A year in review: How REALTORS® across Canada came together to help those impacted by the wildfires in Fort McMurray

2016 was a big year. Some might even say, surreal. All month, we’ll be sharing some of our own highlights from the past year. Have something to add? Feel free to share in the Comments section below.

Jason Blair drove the same route home every day after work, yet he can’t remember what stood on the corner of his old street in Fort McMurray.

Was it a house with brown or black siding? Did it have a fence?

It’s just an empty field now; the barren land a reminder of just how much the May wildfires ripped apart his auspicious oil town in what is now known as the costliest disaster in Canadian history.

“It’s weird. It’s eerie,” Blair, a salesperson with Coldwell Banker, says over the phone from the restored comfort of his new downtown Fort McMurray home.

“It’s hard to remember what was there and then you realize just how many people lost their places and how many families are still trying to rebuild after the devastation.”

Seven months after the wildfires caused $3.58 billion in damage, the northern Alberta city is still rebuilding. The people are resilient and those who have chosen to return are determined to reestablish a sense of normality.


REALTORS® across the country were asked by the Canadian REALTORS Care® Foundation to donate to the Canadian Red Cross’ Alberta Fires Appeal back in May. As of December, an outstanding $739,800 was raised to help provide relief to those affected by the wildfire providing emergency food, clothing, shelter, personal services and other necessities.

Olive Wooden, Executive Officer of the Fort McMurray Real Estate Board, said the Red Cross funds were a literal lifesaver in some cases as stipends were immediately provided to evacuated families.

“They were our first funding and helped ease our minds just a bit as we all fled for our lives down Highway 63,” Wooden said.

Families were given a set amount per adult and child to help pay for everyday necessities that had quickly become luxuries in the chaos caused by the fires. Diapers, gas, clothing, non-perishable food items – thanks to the Red Cross and the Alberta government, evacuees had one less thing to worry about. It wasn’t uncommon for a family of four to receive $4,000 with few questions asked. The Red Cross also made available a one-time $1,000 business loan to REALTORS® to help them carry on with business.

Wooden said the people who didn’t lose their homes still felt a level of guilt as they watched loved ones and close friends lose theirs. Wooden’s daughter’s house was one of 2,600 lost.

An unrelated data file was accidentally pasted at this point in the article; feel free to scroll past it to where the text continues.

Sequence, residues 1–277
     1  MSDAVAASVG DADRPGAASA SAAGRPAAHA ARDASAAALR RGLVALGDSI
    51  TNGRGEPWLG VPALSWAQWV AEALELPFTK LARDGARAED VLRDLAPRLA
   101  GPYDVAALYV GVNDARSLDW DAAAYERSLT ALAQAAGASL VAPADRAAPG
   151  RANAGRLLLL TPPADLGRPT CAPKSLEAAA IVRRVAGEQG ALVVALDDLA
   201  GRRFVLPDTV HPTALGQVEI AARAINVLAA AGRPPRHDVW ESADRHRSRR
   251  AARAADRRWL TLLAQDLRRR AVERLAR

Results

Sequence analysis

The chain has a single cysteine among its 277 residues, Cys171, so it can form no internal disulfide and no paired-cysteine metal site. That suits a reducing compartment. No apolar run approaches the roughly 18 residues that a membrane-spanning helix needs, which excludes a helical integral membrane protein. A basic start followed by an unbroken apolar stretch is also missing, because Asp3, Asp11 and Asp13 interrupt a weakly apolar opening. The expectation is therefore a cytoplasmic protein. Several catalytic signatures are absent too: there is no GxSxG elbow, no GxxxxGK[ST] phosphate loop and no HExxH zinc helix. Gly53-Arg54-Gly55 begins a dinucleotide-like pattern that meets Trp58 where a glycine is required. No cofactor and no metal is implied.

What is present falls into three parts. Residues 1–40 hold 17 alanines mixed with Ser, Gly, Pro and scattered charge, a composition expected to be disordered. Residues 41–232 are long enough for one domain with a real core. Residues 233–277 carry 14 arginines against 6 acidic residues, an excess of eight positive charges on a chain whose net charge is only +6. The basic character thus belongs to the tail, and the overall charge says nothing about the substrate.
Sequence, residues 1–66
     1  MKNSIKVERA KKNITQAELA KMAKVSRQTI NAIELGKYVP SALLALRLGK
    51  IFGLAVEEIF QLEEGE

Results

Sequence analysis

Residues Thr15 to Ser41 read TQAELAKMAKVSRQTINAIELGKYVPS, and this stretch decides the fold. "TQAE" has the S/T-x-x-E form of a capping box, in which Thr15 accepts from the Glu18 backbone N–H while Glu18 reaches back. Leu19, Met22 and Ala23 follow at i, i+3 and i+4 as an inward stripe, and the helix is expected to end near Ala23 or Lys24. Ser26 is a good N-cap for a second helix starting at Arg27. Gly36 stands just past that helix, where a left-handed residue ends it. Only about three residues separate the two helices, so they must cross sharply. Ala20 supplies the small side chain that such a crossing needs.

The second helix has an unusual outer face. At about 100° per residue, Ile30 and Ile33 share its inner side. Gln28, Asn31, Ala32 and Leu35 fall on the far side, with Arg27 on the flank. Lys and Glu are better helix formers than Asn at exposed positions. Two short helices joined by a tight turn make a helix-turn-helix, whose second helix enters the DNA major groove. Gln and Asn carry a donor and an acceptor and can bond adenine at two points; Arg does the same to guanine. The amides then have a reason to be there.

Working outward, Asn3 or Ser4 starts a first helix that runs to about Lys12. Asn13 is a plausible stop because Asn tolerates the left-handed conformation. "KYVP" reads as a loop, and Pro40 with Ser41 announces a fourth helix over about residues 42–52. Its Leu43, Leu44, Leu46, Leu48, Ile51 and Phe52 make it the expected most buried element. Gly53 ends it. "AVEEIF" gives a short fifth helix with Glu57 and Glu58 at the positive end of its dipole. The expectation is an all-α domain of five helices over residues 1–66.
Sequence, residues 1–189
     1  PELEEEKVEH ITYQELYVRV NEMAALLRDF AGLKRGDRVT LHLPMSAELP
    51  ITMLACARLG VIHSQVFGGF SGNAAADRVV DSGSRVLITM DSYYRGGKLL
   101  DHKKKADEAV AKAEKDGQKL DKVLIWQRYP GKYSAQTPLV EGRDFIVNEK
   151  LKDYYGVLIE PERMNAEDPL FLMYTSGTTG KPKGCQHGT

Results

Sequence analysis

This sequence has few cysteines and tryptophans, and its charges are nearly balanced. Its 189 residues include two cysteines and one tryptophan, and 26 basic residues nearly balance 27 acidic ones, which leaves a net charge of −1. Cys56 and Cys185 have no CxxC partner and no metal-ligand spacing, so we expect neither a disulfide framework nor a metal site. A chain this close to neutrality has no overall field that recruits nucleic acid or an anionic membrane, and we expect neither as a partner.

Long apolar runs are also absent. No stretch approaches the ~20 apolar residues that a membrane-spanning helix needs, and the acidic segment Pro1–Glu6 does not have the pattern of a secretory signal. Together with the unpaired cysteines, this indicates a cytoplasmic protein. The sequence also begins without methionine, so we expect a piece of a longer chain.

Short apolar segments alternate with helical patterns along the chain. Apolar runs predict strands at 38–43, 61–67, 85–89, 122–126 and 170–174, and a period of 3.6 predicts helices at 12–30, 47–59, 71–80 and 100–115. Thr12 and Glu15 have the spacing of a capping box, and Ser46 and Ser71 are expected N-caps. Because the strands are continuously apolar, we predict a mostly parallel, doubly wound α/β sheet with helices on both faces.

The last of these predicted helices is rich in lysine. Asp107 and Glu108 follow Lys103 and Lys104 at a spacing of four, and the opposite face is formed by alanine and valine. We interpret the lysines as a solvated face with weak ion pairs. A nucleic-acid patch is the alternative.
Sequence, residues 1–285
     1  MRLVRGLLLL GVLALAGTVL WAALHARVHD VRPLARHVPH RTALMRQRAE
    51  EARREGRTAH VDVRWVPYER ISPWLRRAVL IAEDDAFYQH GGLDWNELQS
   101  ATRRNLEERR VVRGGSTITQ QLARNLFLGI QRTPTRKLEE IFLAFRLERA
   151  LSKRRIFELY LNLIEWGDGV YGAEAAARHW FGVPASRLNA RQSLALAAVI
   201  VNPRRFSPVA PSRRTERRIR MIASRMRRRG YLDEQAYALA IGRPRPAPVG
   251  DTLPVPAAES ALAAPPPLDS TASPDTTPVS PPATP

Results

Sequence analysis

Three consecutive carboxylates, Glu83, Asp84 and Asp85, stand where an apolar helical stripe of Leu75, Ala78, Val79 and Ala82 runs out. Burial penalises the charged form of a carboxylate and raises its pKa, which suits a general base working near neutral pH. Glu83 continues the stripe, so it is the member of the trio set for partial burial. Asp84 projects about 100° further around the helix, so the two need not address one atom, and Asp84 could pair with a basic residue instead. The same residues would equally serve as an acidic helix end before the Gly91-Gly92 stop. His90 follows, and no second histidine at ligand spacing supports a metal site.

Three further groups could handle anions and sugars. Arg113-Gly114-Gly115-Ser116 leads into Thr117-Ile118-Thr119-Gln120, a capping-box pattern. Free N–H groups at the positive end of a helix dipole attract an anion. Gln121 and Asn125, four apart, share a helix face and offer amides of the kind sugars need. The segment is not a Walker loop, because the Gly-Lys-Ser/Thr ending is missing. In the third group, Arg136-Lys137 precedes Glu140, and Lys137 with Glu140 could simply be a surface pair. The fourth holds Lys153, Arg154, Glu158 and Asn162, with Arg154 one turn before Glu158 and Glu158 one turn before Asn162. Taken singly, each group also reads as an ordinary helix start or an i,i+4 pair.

“There won’t be a ‘normal’ for a long time, to tell you the truth, but we are seeing progress. It’s baby steps,” she said. “There are some choosing to settle back in and buy a different home. You’re going to have neighbourhoods that have old homes and new homes so property values will change but the people of Fort McMurray are resilient. The biggest recovery now, seven months after, is the emotional recovery.”

Wooden said she has to choke back tears when she thinks about how complete strangers in the Canadian REALTOR® community came to the northern Alberta city’s aid.

She references the Ontario REALTORS Care® Foundation donating $2,300 to help get an independent learning program up and running at Holy Trinity High School as just one of the many gestures that continue to mean the world to the people of Fort McMurray.

“It still shows me that love supersedes the hate of the world. We’re still at a grieving point, but we’re optimistic.”


While some, like Blair, have found their footing, he knows there are still many people who haven’t. Food Bank use is at an all-time high as the local economy isn’t what it used to be.

The effects of the fire, coupled with plunging crude oil prices, are evident in all corners of the city.

“The service industry took a hit. I used to go for coffees at 2 p.m. to meet with clients, but now some of those shops are closed by that time,” Blair says, referencing a drop in the workforce.

Blair, who had a two-week-old daughter and two-year-old son at the time of the fire, wants to let those who gave their time, money, clothing – anything – know that the rebuilding process isn’t over and donations are still encouraged.

“Just keep giving. There are people out there who just bought a house and didn’t have insurance and those are the types of people who need it most. As real estate professionals, all we want to do is help those people because we started that home-ownership journey with them,” he says.

Fort McMurray – and all of Alberta, for that matter – is a place that prides itself on giving back. Wooden says it’s been hard to be on the other end of things, but she is extremely grateful. She felt it when her daughter was able to purchase new bikes for her two children.

“We used that money for living, basically, to replace some of the items that made life stable for her and the kids. It made us feel like we’re going to be OK,” she says, adding with a recognizable confident tone in her voice, “And we will be.”

Matt Day brings his experience as a nationally-recognized multimedia journalist to the Canadian Real Estate Association as a Communications Advisor. Matt provides professional writing, digital media and communications support to CREA and assists in developing engaging social media content. He is regularly featured in the CREA Café where he provides interesting and entertaining content for REALTORS® to enjoy. Matt is a professional photographer but has dreams of becoming a rock star. He also enjoys mountain biking, skiing, hiking, and using the Oxford comma.

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